Families can talk about...

  • Families can talk about the messages in this movie. What lessons did Balto teach his son? What would you have done in Balto's place? Did you ever wonder what choice Balto would make, or did you expect him to help Duke?

  • What similarities and differences do you see between the dogs, polar bears, geese, and moose in this movie. Why do you think the filmmakers made them act like they do?

  • What qualities make Balto a good "pack leader," and how are those shown during the film?

Movie details

DVD release date:February 1, 2005
Cast:Jodi Benson, Keith Carradine, Sean Astin
Director:Phil Weinstein
Studio:Universal Studios
Genre:Action/Adventure
Topics:Cats, dogs, and mice
Run time:79 minutes
MPAA rating:G

This review of Balto 3: Wings of Change was written by

About our rating system

  • ON: Content is age-appropriate for kids this age.
  • PAUSE: Know your child; some content may not be right for some kids.
  • OFF: Not age-appropriate for kids this age.
  • NOT FOR KIDS: Not appropriate for kids of any age.

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Quality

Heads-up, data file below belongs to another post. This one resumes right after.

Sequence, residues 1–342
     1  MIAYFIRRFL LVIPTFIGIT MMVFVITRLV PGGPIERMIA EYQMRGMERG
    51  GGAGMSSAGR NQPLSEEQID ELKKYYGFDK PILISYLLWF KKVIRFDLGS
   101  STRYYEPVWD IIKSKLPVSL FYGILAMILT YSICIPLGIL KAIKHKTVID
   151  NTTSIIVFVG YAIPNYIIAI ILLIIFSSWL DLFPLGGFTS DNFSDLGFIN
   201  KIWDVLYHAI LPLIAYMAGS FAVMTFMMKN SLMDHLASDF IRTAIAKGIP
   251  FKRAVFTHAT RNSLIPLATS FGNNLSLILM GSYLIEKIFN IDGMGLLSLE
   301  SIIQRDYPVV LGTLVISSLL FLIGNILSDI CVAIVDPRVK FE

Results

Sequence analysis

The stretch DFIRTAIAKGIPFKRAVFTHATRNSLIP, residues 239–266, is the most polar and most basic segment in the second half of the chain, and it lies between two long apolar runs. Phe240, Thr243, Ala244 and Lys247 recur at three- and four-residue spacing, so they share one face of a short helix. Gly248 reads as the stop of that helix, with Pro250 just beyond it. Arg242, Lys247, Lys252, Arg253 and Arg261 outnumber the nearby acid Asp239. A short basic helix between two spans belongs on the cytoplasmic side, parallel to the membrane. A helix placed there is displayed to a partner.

Our star rating assesses the media's overall quality.

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Learning ratings

  • Best: Really engaging, great learning approach.
  • Very Good: Engaging, good learning approach.
  • Good: Pretty engaging, good learning approach.
  • Fair: Somewhat engaging, okay learning approach.
  • Not for Learning: Not recommended for learning.
  • Not for Kids: Not age-appropriate for kids; not recommended for learning.

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What parents and kids say

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Teen, 16 years old Written byBelkaStarDog May 26, 2012
AGE
6
QUALITY
 

kind of disappionting

where's Alue?!i want to see her with the wolf pack!!not Balto's son,Kodi,trying to be his father!
What other families should know
Great messages
Great role models
Teen, 14 years old Written bybalto the hero July 24, 2012
AGE
4
QUALITY
 

It's okay

this movie was okay, but I did not like Kodiak at all. he did not listen to his father. but at the end he did. he should at least listen to him the first time. the movie is okay for young children, but will never be good as the first one.
What other families should know
Educational value
Great messages
Great role models
Kid, 12 years old December 2, 2012
AGE
5
QUALITY
 

Pointless & makes no sense!

not as good as the first and second one it was actually kind of goofy with bad voice acting and an annoying theme that is stuck in my head. i got a dvd of this for my 6th birthday one of my grandmas sent it to me. my parents popped it into the dvd player and i just watched it. my brother dug down deeper and there was a package of m&ms so my brother and i ate them while the movie was playing i wasn't paying attention to what the characters where doing. i still don't understand it the only thing i like about it is that there are talking dogs with emotions. :)